At the memorial, Nevin and other friends of Daniel’s read letters they wrote to their friend about shared memories, and Nahla Ward, a 2017 senior criminal justice and Spanish alumna and Daniel’s Owl Team Leader during his freshman orientation, sang “Amazing Grace.” It was catered by Auntie Anne’s, one of Daniel’s favorite places to eat.

Ost sent a video of the memorial to the Levitts, who could not attend.

Nevin remembers taking spontaneous trips into the city with Daniel, like the time he took her to get her first Philly cheesesteak at Jim’s Steaks on South Street.

“He was very curious, he was very outgoing,” Nevin said. “He loved to be out meeting people. I think everyone that met him always kind of just loved him immediately.”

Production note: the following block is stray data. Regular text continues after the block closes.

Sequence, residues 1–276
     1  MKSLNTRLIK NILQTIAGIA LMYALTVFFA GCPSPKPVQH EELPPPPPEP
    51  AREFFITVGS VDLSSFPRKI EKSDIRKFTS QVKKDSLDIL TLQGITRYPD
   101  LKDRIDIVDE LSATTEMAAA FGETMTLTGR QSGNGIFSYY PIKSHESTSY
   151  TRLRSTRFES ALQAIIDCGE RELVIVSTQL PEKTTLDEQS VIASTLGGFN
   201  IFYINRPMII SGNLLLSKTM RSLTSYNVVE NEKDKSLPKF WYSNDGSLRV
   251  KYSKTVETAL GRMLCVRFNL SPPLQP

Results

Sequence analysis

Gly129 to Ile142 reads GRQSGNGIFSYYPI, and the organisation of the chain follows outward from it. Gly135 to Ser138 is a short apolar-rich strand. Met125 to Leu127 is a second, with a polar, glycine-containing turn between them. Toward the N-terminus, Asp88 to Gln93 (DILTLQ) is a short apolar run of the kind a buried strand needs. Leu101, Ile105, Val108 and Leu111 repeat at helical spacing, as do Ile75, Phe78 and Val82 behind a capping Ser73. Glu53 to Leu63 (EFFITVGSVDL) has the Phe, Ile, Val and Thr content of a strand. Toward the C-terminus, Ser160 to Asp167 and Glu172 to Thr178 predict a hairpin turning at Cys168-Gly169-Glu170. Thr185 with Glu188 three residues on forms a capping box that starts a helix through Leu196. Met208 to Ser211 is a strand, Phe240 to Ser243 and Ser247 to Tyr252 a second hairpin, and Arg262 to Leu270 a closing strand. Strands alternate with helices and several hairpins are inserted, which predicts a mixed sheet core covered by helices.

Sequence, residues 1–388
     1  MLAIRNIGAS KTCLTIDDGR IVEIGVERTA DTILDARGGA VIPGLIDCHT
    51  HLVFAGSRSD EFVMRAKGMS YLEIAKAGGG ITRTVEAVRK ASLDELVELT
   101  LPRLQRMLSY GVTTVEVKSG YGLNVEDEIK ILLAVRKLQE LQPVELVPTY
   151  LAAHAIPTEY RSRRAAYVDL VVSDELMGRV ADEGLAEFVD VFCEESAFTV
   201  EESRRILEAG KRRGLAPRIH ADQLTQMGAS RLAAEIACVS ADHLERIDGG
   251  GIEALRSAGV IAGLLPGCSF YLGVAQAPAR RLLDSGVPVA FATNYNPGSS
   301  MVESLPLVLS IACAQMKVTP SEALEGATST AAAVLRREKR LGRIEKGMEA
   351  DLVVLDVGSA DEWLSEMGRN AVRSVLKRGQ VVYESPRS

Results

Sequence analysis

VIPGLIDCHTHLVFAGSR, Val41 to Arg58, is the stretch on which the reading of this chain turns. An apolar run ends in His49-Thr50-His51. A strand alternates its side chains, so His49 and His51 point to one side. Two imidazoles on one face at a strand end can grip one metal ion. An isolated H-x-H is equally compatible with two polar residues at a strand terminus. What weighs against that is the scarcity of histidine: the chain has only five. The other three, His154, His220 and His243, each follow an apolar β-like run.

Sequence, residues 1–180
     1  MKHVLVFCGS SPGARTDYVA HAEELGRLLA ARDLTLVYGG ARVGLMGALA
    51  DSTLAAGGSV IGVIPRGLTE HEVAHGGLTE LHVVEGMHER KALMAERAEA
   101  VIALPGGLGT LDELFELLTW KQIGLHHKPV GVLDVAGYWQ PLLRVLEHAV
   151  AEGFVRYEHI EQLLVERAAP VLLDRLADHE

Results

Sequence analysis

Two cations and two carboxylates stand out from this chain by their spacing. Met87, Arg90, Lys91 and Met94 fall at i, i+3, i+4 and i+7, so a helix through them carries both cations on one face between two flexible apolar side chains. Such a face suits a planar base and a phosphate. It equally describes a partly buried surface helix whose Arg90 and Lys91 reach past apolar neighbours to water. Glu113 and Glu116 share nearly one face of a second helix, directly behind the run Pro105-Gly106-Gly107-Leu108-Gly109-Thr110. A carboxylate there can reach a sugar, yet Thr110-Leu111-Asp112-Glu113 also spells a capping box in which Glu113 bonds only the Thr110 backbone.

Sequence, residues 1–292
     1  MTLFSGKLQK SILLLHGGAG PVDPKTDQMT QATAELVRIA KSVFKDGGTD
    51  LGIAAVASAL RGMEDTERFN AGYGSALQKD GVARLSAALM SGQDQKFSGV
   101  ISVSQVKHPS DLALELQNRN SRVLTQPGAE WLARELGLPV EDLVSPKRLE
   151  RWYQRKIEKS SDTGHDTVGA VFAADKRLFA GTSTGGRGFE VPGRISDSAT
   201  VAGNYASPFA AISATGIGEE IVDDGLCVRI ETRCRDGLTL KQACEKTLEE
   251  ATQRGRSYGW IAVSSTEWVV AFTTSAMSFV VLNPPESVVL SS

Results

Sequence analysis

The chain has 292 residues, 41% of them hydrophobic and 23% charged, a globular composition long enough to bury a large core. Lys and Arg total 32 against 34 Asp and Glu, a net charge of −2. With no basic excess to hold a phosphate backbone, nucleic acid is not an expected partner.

After Daniel’s death, Nevin said she and a group of his close friends received an email from the Dean of Students office offering condolences and reminding them about resources like Tuttleman Counseling Services. The outreach was sufficient for her, and “Temple did a good job in reaching out to us and making sure [we knew] they’re here, because at the same time…they didn’t bug us about it,” she added.

But junior advertising major Julia Ostrovsky, who had known Daniel since their senior year in high school and spoke at the memorial, said the only university outreach she received was an email from Ost asking her to be a part of the on-campus memorial and referring her to Tuttleman. Days after his death, Ostrovsky had to personally email professors and ask for an excused absence so she could attend Daniel’s service in Maryland.